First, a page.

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Thursday, September 02, 2010

Bat Wing by Sax Rohmer

While searching for possibilities for Carl's most recent R.I.P. Challenge, I came across Bat Wing by Sax Rohmer.  Who?  Never heard of him.

I ordered the Kindle version (.99) and decided to see what I thought.  Bat Wing is reminiscent of Wilkie Collins in style, with a nod to Edgar Allan Poe's Dupin and to A.C. Doyle's Holmes and Watson.  Very old-fashioned and late Victorian in many ways, and certainly politically incorrect; I found myself smiling slightly as I read, recognizing the various elements of novels and stories from another era.

Rohmer throws out some red herrings, introduces a little romance, some unusual characters, and a little exoticism.  He is also occasionally repetitive.  While laying the clues to the supernatural and voodoo, Rohmer keeps Harley and Knox (Rohmer's version of Holmes and Watson) on their toes, letting them struggle, knowing that information is being deliberately withheld from them.  **my version reads Paul Harley and some reviews reference him as Harley, others as Harvey

I really like the old book covers!

When I finished, I wondered about the author, who was evidently extremely prolific.  I discovered, to my surprise, that Sax Rohmer was the creator of the sinister Dr. Fu Manchu.  Many of you will be familiar with Fu Manchu  through name recognition, but if you are like me, not really knowledgeable about the character.  I knew there were old movies featuring Fu Manchu, but I'd never seen one.  I think I'd confused Fu Manchu with Charlie Chan.

Any way, Rohmer was an eccentric and imaginative fellow and a member of  The Hermetic Order of the Golden Dawn, as were William Butler Yeats, E. Nesbit, Bram Stoker, and...Alistair Crowley.  That fact, alone, makes Rohmer interesting.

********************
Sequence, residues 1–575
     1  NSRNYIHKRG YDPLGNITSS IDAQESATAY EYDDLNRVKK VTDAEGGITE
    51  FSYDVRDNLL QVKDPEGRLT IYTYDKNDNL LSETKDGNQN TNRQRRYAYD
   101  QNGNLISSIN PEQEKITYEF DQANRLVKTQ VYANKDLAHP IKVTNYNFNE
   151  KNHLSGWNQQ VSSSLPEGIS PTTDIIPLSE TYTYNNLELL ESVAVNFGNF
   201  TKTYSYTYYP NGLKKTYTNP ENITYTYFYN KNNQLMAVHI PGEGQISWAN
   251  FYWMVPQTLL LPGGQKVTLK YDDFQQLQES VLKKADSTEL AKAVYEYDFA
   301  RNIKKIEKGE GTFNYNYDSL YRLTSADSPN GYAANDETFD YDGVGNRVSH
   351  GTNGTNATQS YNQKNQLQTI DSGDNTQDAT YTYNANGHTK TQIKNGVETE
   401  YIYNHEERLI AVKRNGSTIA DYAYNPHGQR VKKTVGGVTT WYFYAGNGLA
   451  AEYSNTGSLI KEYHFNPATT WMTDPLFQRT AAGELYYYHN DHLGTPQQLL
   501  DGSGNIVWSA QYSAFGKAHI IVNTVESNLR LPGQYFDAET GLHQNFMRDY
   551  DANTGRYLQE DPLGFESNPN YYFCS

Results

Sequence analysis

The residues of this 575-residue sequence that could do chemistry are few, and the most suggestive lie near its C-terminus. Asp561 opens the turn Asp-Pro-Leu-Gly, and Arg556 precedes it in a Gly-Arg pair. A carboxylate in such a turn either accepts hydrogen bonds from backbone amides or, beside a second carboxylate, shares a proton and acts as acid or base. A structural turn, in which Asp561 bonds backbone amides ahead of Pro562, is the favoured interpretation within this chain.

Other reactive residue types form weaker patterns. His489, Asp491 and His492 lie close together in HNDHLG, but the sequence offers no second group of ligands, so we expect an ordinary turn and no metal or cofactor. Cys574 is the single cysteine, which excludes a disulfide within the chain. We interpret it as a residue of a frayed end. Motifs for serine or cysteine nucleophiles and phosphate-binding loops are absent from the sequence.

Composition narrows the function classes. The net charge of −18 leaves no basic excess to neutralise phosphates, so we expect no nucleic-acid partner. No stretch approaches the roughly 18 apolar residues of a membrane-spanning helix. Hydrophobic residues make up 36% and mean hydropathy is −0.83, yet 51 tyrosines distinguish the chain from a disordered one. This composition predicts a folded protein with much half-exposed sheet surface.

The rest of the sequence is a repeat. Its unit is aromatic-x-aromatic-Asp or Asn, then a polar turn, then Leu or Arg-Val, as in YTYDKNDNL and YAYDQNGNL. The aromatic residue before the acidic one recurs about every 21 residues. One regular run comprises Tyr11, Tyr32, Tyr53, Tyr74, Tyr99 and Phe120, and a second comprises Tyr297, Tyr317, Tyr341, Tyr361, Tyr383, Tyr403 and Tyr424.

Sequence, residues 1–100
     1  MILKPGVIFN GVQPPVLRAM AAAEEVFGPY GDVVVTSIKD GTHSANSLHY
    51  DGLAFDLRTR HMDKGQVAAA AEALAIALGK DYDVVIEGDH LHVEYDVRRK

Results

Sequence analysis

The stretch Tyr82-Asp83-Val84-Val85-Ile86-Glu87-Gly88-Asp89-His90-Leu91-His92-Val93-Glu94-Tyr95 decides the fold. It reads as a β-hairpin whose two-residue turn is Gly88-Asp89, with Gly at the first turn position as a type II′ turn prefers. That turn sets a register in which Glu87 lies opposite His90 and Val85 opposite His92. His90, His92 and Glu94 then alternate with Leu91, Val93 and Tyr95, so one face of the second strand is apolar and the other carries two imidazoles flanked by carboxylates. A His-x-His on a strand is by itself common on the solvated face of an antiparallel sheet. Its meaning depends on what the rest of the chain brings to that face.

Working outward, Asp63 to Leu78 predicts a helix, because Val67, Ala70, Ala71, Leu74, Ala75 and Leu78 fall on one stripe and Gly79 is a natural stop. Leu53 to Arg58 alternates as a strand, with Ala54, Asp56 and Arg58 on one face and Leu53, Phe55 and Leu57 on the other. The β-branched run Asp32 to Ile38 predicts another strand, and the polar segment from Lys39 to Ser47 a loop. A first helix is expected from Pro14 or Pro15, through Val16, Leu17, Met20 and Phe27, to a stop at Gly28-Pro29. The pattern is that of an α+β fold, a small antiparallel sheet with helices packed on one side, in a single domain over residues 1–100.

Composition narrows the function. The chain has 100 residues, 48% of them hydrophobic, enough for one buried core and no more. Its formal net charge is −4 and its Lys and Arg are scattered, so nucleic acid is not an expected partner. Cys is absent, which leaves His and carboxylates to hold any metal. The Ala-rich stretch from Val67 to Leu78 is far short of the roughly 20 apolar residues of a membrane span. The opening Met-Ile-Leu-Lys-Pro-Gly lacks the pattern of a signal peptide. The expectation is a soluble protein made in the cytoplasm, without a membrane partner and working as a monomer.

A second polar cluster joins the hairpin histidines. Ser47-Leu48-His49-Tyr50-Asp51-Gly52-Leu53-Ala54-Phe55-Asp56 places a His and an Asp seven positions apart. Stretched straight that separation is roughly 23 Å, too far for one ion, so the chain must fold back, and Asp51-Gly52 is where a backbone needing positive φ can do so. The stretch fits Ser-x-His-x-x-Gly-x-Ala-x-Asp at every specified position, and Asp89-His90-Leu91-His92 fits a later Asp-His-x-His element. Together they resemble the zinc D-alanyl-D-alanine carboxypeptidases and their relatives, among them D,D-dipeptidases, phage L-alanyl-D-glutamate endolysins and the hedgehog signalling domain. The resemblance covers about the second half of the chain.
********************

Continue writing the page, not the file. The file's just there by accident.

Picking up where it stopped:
From an article by Petri Liukkonen (author) & Ari Pesonen that relates a story of Rohmer's Fu Manchu character:

"In 1909 he married Rose Elizabeth Knox, whose father had been a well-known comedian in his youth. When Rose Knox met Rohmer she was performing in a juggling act with her brother Bill. For almost two years they kept the marriage a secret from Rose's family - she lived with her sister and Rohmer with his father. Rose was psychic and Rohmer himself seemed to attract metaphysical phenomena - according to a story, he consulted with his wife a ouija board as to how he could best make a living. The answer was 'C-H-I-N-A-M-A-N'.

He certainly had great success with his "C-H-I-N-A-M-A-N." beginning with radio shows in the twenties featuring Fu Manchu:
Also in  the 1920's, Harry Agar Lyons played the evil doctor in the first films;
Boris Karlof and Myrna Loy appeared in a 1930's version.  Christopher Lee became a 1960's incarnation, and Peter Sellers and Helen Mirren appeared in a 1980's comedic installment, The Fiendish Plot of Fu Machu.

I've just added a 1940's version to my Netflix que.   I wish they had the 1920's and 1930's films available, but they don't.

So, yes, I got completely off-track on my review because, as usual, a little research (how I love the Internet!) can reveal so much more than one expects.  
Final evaluation of Bat Wing:  It isn't a modern novel, but at the time of its first publication in 1921, it was sensational and was the first of several novels featuring Paul Harley and his sidekick and amanuensis, Knox.  I found it great fun!  From what I've read, although his name is barely remembered now, his work was very influential to other writers at the time.

The next in the Harley/Knox series is Fire-Tongue.  Sounds like a great follow-up as it owes its inspiration to his friend Harry Houdini.

Fiction.  Gothic/Mystery/Suspense.  original published in 1921.  print version 220 pages.


  1. Great review. I'm a fan of the older book covers as well, they are wonderful.

  2. The book covers can have a big influence in my desire to read a book!

  3. I read a Fu Man Chu book once ages ago so don't really remember it. But I used to watch the old b/w movies on TV when I was a kid. Bat Wing sounds like fun!

  4. Jenclair, I agree, that's a fantastic cover for Batwing!

  5. You're posting about the time frame I like best in literature. Busily taking notes!

  6. Nicola - Bat Wing was a great read for this challenge, and the Fu Man Chu books would work as well!

    Katherine - :) Love the artwork on all of the old covers. They would be great framed.

    Bybee - I love the old-fashioned Gothic that tells about the time period as much as the story!